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Saturday, November 15, 2003

It looks like my alma mater hasn't changed that much.

Check out this story from a newspaper I actually used to work for about some group of pranksters putting up phony Howard Dean posters with Confederate flags on them.

I suspect freshmen Dartmouth Review staffers. It's practically their stock in trade. It strikes the right tone of pseudo-clever, of quasi-offensive-but-really-more-inane-than-anything-else, of questionable taste to be a Review stunt. (And yes, the left, especially the anti-Greek left, would from time to time pull similar stunts with some of the same hallmarks.)

I had always assumed that these sort-of-below-the-belt nasty political posters were de rigeur on all college campus settings. Then I discovered that on other college campuses (campi?) people had better things to do, either because:

1. The student body leaned so overwhelmingly to the left that the conservatives didn't bother. (I suppose it's the opposite in some other places, but I've never seen them first-hand.) Dartmouth is not as conservative as its reputation or its history would suggest, but there's this constant pitched battle for the "soul" of Dartmouth between faculty and alumni, between/among students, and such you don't really see elsewhere, even at other Ivy League schools.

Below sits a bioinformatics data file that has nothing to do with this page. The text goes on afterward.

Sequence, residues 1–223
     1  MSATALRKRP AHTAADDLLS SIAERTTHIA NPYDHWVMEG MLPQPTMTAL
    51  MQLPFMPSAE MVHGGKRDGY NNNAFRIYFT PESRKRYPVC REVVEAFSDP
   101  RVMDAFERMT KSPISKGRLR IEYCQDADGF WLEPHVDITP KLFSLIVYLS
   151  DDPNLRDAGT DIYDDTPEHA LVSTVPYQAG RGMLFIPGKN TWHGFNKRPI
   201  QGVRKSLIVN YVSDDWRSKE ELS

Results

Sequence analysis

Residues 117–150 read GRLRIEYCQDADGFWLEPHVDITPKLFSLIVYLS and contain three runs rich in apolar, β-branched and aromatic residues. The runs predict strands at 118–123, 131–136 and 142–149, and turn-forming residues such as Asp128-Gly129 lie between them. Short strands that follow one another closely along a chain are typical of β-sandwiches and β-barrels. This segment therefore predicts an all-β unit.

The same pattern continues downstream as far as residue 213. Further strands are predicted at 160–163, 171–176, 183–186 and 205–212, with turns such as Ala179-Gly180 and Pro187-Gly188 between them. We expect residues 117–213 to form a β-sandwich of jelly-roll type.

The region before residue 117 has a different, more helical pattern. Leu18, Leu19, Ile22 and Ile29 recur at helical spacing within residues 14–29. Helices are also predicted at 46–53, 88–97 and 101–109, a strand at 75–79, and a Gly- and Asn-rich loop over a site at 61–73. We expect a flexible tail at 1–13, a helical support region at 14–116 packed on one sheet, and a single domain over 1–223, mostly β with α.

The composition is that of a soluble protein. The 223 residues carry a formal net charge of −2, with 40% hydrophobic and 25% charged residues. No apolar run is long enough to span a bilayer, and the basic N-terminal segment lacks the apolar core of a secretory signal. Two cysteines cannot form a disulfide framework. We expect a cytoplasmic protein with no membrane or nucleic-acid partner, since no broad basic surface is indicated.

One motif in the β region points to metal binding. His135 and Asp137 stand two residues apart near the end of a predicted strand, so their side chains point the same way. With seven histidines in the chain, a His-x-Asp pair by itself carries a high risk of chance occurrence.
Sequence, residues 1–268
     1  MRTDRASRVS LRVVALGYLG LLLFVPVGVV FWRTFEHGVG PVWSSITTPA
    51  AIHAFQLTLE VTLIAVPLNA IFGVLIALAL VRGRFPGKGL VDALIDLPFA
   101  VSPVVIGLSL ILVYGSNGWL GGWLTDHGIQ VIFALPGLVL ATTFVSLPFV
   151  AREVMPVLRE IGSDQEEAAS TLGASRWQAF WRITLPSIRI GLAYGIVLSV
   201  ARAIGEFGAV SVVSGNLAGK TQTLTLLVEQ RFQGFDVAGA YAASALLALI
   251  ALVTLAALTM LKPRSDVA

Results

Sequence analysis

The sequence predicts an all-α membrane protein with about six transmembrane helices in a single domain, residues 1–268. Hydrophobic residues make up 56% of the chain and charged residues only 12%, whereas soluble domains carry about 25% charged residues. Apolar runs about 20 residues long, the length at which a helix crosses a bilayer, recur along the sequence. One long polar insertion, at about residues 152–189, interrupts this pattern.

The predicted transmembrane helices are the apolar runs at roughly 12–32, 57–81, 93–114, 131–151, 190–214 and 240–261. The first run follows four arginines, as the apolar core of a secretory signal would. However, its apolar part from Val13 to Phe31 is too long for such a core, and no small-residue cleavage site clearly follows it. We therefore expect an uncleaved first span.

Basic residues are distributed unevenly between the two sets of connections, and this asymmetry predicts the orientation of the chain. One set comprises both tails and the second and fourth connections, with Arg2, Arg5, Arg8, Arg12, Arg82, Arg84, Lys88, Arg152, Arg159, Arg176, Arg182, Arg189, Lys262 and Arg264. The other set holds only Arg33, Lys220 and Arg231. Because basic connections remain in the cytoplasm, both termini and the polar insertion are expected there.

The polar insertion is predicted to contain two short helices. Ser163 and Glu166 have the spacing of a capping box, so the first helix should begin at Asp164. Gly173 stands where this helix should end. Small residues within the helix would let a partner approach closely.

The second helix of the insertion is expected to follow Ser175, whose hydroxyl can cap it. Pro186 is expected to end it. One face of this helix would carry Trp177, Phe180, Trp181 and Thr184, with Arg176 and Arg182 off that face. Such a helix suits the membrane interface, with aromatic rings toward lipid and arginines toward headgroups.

I'm not kidding. Even the way a student or alumnus sings the alma mater is inherently a political act. I'll explain later.

2. The student body is so overwhelmingly apolitical that even those inclined to such shenanigans direct things in a different direction. I mean, apolitical may be a majority at Dartmouth, but, at least when I was there, even many the apolitical had this sense that they should be paying attention to the larger world, easy at it was there to shut it all out.

3. The campus is not in a bubble in the middle of nowhere, and there are just better things to do - culture, nightlife, or whatever. (In Hanover, nightlife more or less consists of sucking down cheap beer in fraternity basements.) But more importantly, there's a whole world to interact with in a city like Washington.


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